TITLE

Conservation and New Technology: The Impact on Abdominal Aortic Aneurysm Repair

AUTHOR(S)
Bush, Ruth L.; Najibi, Sasan; Lin, Peter H.; Lumsden, Alan B.; Dodson, Thomas F.; Salam, Atef A.; Smith III, Robert B.; Chaikof, Elliot L.; Weiss, Victor L.
PUB. DATE
January 2002
SOURCE
American Surgeon;Jan2002, Vol. 68 Issue 1, p57
SOURCE TYPE
Academic Journal
DOC. TYPE
Article
ABSTRACT
The last decade has represented a time of fundamental change in the treatment of abdominal aortic aneurysms (AAAs). Potentially, vascular surgeons will either acquire catheter-based skills or relinquish the care for many patients with infrarenal AAA. We investigated AAA referral patterns and method of AAA repair after the establishment of an endovascular AAA program at our institution. We conducted a retrospective review of elective AAA repairs after the initiation of an endovascular AAA program in April 1994. Six vascular surgeons performed all procedures with a clear distinction between the surgeons (n=3) who performed traditional AAA repair only and those (n=3) who managed AAAs by means of either endovascular or traditional treatment. From April 1994 through December 2000, 740 elective AAA repairs were performed. During this time the mean number of AAA repairs has been 106/year ranging from 75 to 155/year. More notable however is the steady increase in the percentage of endovascular AAA repairs from 6 per cent of all AAA repairs in 1994 to 61 per cent in 2000. During this time traditional surgeons have experienced a plateau in total AAA repairs performed per year with their number of open repairs decreasing by 36 per cent. At the same time endovascular surgeons have seen a progressive rise in total AAA cases including an increase of 200 per cent in open repairs and of 1367 per cent in endovascular repairs. Our vascular surgeons who repair AAA utilizing both endovascular and open techniques have experienced an increase in aneurysm referrals since the advent of an endovascular AAA program. Those who have not adopted endovascular skills have seen a decline in their aneurysm practice. The larger question about whether or not to embrace new technology before the availability of long-term follow-up remains unanswered.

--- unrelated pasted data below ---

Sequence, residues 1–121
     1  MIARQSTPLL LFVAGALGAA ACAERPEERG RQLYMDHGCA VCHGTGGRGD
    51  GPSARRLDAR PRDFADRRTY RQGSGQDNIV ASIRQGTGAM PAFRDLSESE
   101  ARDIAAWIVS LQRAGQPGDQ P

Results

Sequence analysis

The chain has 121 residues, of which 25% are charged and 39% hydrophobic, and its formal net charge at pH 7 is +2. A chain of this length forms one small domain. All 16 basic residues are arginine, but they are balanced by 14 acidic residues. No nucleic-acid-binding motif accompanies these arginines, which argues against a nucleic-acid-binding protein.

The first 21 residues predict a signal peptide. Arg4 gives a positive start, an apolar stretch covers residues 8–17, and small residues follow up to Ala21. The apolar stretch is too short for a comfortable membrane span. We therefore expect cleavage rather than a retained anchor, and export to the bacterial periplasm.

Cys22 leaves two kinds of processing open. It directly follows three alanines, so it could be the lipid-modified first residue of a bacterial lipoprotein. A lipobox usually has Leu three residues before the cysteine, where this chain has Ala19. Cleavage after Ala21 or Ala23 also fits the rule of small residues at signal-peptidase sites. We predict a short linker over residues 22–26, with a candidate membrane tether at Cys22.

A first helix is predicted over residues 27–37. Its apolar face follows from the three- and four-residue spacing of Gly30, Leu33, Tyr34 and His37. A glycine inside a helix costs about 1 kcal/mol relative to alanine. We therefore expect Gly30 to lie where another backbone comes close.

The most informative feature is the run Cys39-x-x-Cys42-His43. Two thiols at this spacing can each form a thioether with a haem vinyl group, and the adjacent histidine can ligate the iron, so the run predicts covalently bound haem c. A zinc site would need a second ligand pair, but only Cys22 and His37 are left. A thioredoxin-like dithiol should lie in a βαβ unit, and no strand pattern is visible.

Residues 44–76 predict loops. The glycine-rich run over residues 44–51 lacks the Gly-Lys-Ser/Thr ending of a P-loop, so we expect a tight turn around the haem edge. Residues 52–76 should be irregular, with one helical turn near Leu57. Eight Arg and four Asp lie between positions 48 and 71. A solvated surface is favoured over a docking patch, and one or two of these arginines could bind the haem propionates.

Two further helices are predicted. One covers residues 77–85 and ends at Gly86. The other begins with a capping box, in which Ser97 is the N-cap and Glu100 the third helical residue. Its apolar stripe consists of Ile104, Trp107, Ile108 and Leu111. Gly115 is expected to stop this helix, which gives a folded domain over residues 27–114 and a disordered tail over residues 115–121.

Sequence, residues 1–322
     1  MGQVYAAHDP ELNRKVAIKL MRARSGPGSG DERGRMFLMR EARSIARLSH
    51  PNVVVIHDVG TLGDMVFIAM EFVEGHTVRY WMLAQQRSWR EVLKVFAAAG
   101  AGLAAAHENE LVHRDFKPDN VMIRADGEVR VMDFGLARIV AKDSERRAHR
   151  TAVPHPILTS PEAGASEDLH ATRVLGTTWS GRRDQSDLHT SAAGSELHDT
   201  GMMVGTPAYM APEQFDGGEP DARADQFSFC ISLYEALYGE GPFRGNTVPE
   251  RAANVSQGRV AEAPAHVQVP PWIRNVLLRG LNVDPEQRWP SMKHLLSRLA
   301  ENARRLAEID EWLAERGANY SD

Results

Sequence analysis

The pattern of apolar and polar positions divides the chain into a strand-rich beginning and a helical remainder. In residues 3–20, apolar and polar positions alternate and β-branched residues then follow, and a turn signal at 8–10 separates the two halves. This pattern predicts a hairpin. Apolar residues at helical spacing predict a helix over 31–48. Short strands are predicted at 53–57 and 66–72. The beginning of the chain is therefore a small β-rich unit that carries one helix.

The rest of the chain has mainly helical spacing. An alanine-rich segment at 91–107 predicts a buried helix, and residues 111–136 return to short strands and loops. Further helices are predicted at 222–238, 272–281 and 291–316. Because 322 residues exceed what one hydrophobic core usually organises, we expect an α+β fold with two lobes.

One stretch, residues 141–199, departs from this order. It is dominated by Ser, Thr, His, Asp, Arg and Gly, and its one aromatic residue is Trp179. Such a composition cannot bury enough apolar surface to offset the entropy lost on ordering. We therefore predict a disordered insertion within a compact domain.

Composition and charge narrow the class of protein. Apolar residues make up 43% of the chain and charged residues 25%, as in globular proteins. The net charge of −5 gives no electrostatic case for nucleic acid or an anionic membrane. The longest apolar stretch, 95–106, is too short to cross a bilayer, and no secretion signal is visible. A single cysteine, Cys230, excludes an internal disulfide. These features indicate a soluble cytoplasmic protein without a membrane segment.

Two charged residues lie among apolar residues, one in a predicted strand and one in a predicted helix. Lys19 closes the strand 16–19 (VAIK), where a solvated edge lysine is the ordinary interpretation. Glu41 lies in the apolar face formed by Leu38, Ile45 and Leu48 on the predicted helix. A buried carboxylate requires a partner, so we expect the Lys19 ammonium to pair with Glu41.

ACCESSION #
6596381

 

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